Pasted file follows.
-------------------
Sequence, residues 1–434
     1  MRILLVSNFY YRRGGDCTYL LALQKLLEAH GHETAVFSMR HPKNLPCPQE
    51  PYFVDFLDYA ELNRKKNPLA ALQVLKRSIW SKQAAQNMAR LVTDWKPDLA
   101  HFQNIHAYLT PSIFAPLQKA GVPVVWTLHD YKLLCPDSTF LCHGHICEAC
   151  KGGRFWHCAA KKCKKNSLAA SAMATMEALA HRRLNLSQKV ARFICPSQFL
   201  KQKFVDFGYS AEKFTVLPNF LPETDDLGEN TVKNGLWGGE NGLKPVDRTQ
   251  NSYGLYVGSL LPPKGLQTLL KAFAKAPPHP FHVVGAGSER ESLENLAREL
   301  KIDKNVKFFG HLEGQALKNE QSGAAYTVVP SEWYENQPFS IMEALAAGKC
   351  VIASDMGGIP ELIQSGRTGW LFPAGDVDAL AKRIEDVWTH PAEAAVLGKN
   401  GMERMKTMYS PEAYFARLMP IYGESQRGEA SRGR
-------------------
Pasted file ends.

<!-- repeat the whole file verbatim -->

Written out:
Sequence, residues 1–434
     1  MRILLVSNFY YRRGGDCTYL LALQKLLEAH GHETAVFSMR HPKNLPCPQE
    51  PYFVDFLDYA ELNRKKNPLA ALQVLKRSIW SKQAAQNMAR LVTDWKPDLA
   101  HFQNIHAYLT PSIFAPLQKA GVPVVWTLHD YKLLCPDSTF LCHGHICEAC
   151  KGGRFWHCAA KKCKKNSLAA SAMATMEALA HRRLNLSQKV ARFICPSQFL
   201  KQKFVDFGYS AEKFTVLPNF LPETDDLGEN TVKNGLWGGE NGLKPVDRTQ
   251  NSYGLYVGSL LPPKGLQTLL KAFAKAPPHP FHVVGAGSER ESLENLAREL
   301  KIDKNVKFFG HLEGQALKNE QSGAAYTVVP SEWYENQPFS IMEALAAGKC
   351  VIASDMGGIP ELIQSGRTGW LFPAGDVDAL AKRIEDVWTH PAEAAVLGKN
   401  GMERMKTMYS PEAYFARLMP IYGESQRGEA SRGR